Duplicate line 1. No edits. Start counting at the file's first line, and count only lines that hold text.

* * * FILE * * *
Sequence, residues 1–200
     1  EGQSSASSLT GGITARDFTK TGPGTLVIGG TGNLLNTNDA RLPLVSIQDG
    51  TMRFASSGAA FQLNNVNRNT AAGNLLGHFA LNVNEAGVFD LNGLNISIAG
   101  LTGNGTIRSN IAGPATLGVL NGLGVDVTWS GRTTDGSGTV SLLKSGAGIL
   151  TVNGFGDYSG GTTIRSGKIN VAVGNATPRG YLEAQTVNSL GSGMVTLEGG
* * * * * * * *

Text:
Sequence, residues 1–200